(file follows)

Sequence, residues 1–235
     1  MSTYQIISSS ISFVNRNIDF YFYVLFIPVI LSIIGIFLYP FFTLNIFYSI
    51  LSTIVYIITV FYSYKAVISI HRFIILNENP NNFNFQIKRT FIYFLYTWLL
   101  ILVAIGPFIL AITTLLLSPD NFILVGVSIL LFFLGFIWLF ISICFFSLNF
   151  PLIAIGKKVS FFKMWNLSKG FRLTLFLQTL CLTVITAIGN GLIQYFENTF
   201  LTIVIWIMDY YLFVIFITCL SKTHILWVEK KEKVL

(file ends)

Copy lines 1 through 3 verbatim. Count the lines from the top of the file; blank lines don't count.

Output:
Sequence, residues 1–235
     1  MSTYQIISSS ISFVNRNIDF YFYVLFIPVI LSIIGIFLYP FFTLNIFYSI
    51  LSTIVYIITV FYSYKAVISI HRFIILNENP NNFNFQIKRT FIYFLYTWLL